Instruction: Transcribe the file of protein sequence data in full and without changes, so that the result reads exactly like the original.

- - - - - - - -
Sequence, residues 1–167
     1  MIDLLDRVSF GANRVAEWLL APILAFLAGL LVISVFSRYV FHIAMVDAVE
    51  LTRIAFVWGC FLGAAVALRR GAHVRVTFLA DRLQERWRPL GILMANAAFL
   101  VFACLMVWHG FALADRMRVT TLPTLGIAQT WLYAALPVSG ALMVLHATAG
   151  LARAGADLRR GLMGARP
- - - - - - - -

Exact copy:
Sequence, residues 1–167
     1  MIDLLDRVSF GANRVAEWLL APILAFLAGL LVISVFSRYV FHIAMVDAVE
    51  LTRIAFVWGC FLGAAVALRR GAHVRVTFLA DRLQERWRPL GILMANAAFL
   101  VFACLMVWHG FALADRMRVT TLPTLGIAQT WLYAALPVSG ALMVLHATAG
   151  LARAGADLRR GLMGARP